Ridiculous. That's my one word epithet to describe this story: "Family Sues School District After Son Gets Detention for Wearing T-Shirt With Gun Image."
Question to Fox News: Why is the preposition "With" capitalized but the preposition "for" is not?
Seriously, let me count the annoyances:
- A picture of a gun is not a gun. Install metal detectors if you want to keep guns out of schools. But forbidding pictures of guns reminds me of the joke about the (French?) police who chase a criminal into a building. The police want to surround the building to keep the criminal from escaping, but it has too many exits . . . so they surround the building next door, which has fewer exits.
- School wardens teachers will often make stupid calls. But I'm bothered that this 14-year-old presumed that because he didn't like it, he didn't have to obey. And didn't.
- Why must everything become a federal case? Is there no lower-level authority to which this can be appealed?
- No doubt the judiciary will make a hash of this. I'm reminded of the case decided last year (I think) about the kid on a field trip (I think) who unfurled a banner that said "Bong Hits 4 Jesus." This bit of mild iconoclasm amused me, so let's have our chuckle, ha-ha, now take the sign down before somebody decides to get . . . I don't know . . . offended maybe, or perhaps too cavilier toward school rules. Add that the "time, place, and manner" might lead many to assume some kind of official endorsement of the banner's message. But he didn't, received a suspension, and sued.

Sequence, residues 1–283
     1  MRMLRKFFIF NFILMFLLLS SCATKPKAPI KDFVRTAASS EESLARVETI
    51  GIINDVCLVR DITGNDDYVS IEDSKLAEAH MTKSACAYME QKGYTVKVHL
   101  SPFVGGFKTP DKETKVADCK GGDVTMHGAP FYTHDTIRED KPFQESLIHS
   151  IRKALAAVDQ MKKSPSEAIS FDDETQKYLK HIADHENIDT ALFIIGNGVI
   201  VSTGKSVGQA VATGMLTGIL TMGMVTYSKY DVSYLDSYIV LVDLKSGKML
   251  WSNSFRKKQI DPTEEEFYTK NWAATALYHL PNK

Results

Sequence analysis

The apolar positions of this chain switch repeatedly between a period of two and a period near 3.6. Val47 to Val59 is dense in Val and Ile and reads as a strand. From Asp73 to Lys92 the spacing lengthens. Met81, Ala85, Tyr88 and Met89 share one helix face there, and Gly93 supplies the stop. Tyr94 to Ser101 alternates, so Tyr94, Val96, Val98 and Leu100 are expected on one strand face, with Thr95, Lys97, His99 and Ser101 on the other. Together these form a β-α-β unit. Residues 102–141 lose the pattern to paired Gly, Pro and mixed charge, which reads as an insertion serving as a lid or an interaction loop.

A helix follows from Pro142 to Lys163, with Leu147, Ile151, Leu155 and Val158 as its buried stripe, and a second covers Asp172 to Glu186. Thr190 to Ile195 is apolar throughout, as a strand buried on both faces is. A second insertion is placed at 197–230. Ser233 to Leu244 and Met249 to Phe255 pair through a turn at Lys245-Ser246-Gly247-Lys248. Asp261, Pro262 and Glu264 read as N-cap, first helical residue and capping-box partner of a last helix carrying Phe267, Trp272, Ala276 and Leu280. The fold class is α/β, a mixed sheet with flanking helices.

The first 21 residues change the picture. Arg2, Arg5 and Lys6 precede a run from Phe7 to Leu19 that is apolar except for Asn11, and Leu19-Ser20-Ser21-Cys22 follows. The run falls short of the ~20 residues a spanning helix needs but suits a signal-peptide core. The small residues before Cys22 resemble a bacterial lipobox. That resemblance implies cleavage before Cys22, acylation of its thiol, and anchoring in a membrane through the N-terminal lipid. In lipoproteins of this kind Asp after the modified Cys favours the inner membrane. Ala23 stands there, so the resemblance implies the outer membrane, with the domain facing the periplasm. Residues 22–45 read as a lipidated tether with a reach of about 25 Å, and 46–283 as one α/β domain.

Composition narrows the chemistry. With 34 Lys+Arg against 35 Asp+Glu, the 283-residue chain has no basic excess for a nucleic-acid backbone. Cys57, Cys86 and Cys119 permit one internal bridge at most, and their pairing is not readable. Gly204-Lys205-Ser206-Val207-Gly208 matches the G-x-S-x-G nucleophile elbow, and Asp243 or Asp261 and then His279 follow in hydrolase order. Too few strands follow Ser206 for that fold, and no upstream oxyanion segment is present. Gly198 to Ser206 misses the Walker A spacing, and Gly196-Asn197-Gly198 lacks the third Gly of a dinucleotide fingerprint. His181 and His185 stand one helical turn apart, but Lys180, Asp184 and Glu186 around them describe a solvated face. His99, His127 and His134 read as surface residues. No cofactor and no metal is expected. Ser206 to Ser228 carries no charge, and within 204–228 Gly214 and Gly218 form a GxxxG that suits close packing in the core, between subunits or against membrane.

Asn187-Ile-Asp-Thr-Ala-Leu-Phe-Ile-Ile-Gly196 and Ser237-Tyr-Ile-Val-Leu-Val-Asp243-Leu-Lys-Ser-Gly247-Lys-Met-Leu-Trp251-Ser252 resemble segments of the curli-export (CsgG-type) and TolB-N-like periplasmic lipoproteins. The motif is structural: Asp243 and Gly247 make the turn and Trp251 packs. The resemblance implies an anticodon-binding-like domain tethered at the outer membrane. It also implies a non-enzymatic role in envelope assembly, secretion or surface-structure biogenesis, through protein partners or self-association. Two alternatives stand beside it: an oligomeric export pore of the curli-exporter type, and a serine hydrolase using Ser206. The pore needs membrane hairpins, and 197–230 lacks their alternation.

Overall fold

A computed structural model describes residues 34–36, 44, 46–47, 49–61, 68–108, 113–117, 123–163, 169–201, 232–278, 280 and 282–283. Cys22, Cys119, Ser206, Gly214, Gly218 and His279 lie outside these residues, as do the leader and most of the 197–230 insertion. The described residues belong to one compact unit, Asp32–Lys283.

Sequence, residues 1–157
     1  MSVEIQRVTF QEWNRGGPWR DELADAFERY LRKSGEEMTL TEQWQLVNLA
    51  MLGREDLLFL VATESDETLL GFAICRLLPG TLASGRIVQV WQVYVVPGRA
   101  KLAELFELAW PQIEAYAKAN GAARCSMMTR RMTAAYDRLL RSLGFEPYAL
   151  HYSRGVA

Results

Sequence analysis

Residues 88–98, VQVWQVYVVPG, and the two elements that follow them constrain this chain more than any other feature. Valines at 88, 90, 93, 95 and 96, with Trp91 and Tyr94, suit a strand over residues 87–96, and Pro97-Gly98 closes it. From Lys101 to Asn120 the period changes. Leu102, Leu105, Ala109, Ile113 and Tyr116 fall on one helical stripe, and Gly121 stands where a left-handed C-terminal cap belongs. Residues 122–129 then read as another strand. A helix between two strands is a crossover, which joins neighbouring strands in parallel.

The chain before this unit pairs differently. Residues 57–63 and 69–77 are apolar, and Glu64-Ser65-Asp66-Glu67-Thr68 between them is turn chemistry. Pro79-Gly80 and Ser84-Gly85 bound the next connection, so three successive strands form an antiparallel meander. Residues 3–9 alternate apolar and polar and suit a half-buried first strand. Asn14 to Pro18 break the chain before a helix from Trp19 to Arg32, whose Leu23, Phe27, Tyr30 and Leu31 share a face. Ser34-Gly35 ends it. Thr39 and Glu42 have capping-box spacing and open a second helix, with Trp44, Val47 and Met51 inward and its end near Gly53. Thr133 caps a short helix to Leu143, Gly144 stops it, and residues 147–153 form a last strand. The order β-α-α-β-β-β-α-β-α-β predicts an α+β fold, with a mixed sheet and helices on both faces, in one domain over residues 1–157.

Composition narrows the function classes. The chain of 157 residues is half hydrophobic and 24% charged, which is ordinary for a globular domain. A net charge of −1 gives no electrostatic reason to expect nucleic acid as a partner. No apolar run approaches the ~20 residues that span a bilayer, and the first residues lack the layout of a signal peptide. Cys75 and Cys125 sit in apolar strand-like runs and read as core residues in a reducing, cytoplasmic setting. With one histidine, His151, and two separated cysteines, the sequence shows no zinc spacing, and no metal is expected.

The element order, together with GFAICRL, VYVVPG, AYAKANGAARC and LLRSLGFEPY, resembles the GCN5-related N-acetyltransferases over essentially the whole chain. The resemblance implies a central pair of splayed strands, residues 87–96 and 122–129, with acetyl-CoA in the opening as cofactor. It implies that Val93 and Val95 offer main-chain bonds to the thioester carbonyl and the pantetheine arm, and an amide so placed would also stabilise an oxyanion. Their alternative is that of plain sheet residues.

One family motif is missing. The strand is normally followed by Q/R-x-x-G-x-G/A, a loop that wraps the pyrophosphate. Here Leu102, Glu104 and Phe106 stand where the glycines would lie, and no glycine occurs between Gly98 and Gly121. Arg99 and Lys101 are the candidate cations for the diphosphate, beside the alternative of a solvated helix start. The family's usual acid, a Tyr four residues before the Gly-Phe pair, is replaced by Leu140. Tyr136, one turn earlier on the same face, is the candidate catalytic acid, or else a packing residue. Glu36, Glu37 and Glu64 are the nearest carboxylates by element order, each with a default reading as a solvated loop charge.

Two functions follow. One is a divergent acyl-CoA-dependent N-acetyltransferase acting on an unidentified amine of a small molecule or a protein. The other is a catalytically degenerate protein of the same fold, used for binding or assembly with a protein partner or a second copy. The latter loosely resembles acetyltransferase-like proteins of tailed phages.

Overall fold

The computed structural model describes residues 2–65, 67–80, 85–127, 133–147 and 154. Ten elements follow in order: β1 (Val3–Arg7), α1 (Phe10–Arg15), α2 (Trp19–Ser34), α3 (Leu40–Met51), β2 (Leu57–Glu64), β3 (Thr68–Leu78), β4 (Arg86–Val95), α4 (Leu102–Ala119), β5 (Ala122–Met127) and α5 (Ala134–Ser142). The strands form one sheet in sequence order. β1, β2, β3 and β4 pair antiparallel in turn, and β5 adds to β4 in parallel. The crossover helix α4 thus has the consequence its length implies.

The judiciary ultimately sided with the school, which is good, but for the wrong reason: the banner's viewpoint was judged to be in favor of illegal drugs, and therefore worthy of supression. (The banner's viewpoint about Jesus evidently never came up.)
- Which brings us to the case at hand. A t-shirt is not a banner, so it would be difficult to construe it as official endorsement, even if worn on a field trip. I don't think that the shirt's message is prejudicial to the good order and discipline of a school, but then I like the message, so I may be biased. I would be sympathetic to a dress code that prohibits clothing with any words or pictures, but I'm not very impressed with school officials picking and choosing the messages they like and don't like.
- But this is not likely to enter into legal consideration. According to the Bong Hits case, the court must decide whether the viewpoint (armed resistance to terrorism?) is one that may be supressed. Which is exactly the wrong approach.